With the addition of the Common Curriculum which is compulsory for all NUS CHS (College of Humanities & Sciences) students have to take, NUS is priming their educational pedagogy on building generalists who can provide interdisciplinary skillsets into the workforce, meaning that there is much more opportunities and time for students to plan and choose their future career paths. Furthermore, NUS Psychology emphasises research skillsets heavily so that students can enter the workforce with adequate research and problem solving skills. Therefore, there is a focus on learning Psychology statistics well in NUS.
How do I plan my timetable as a Psychology major?
To fulfil your university requirements for graduation in 4 years (assuming single major with Honours), undergraduates are encouraged to do an average of 5 modules per semester from year 1 to 4. Undergraduates may choose to overload (doing 6 modules in a semester) to clear their university requirements faster if they believe that they can cope with the workload. We try to mix memory-heavy modules together with the less memory-taxing ones.
You may take a look at our Psychology Module Reviews to have a rough gauge of the workload. Alternatively, you may find out more from your Psychology seniors. To prevent clashes in your timetable, almost all students use the website NUSMods to plan their timetable for the semester.
What are ways to lighten my workload?
We may take 3 PL modules, together with 2 electives (non-PL modules, so as to buffer the heavy reading load from PL modules. Students are encouraged to take elective modules to extend their learning beyond their faculty and major(s). Most elective modules tend to be more introductory-based and thus more likely to be less content-intensive. Even if you are not cut out for such modules and may not score well, there is always the S/U option that you may exercise for non-FASS modules and certain FASS modules, up to 12 MCs, so that they do not jeopardize your CAP.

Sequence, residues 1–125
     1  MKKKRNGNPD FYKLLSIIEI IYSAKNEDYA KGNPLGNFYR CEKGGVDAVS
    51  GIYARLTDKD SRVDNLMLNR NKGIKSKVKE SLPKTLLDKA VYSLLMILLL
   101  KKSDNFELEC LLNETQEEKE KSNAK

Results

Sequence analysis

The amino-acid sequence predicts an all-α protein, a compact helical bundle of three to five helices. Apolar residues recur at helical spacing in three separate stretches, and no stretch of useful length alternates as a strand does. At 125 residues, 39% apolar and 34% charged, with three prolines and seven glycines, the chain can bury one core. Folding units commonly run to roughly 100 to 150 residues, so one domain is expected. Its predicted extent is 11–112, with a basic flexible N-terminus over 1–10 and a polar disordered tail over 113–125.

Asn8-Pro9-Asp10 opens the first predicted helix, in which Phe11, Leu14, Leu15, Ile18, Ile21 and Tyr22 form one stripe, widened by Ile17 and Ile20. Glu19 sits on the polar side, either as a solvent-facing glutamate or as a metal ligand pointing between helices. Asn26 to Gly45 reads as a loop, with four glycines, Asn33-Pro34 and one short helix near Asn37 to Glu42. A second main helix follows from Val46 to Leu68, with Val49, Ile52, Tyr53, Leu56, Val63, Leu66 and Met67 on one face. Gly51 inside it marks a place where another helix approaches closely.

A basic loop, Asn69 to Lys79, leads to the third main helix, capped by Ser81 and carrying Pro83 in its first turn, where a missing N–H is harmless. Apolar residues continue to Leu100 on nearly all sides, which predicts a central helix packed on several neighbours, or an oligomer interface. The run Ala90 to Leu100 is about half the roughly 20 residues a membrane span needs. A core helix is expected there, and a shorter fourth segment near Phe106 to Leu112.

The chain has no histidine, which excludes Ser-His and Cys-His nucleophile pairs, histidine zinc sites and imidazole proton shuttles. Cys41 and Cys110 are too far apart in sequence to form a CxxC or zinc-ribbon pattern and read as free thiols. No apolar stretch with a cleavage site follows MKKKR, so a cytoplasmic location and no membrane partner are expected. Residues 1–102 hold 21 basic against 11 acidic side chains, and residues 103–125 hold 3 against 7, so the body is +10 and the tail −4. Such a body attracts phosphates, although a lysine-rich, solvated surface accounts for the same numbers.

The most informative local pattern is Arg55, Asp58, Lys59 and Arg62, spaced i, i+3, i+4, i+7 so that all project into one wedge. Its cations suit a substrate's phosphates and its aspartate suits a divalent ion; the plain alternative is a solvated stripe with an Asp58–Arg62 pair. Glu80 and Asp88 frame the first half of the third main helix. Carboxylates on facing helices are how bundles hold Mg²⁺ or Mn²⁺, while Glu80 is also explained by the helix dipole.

We may take PL3236 Abnormal Psychology and PL2132 Research and Statistical Methods II in the same semester. The rationale is because the former requires lots of memorization, while the latter focuses more on the application. Thus, taking these two modules together will make it less memory-taxing. (But do note that PL modules generally require a lot of memory work so be prepared.)
Our advice is to plan your 4-year timetable early, i.e. what modules you plan to take in each semester. Some modules have pre-requisites that you need to fulfil before taking them, so you have to make sure that you fulfil the pre-requisites in earlier semesters. Some modules may only be available in certain semesters only, thus planning ahead of time will allow you to successfully obtain the modules you are interested in, instead of panicking at the last minute.
You can find a sample study plan of a 4-year timetable here.
- Suggested Psychology Study Plans for Cohort 2018
- Suggested Psychology Study Plans Cohorts 2019-2020
- Suggested Psychology Study Plans for CHS Cohorts
- Psychology Undergraduate Curriculum Chart
(Disclaimer: Your actual timetable may vary according to your preferences and the availability of modules each semester.)
Can I take PL modules during special terms?
Yes, you may take PL modules during special terms. However, PL modules may not be available in every special term. Remember to check the list of modules available in advance. For more information on Special Term in NUS, click here.
Got more questions?
Feel free to Contact Us and send in your questions!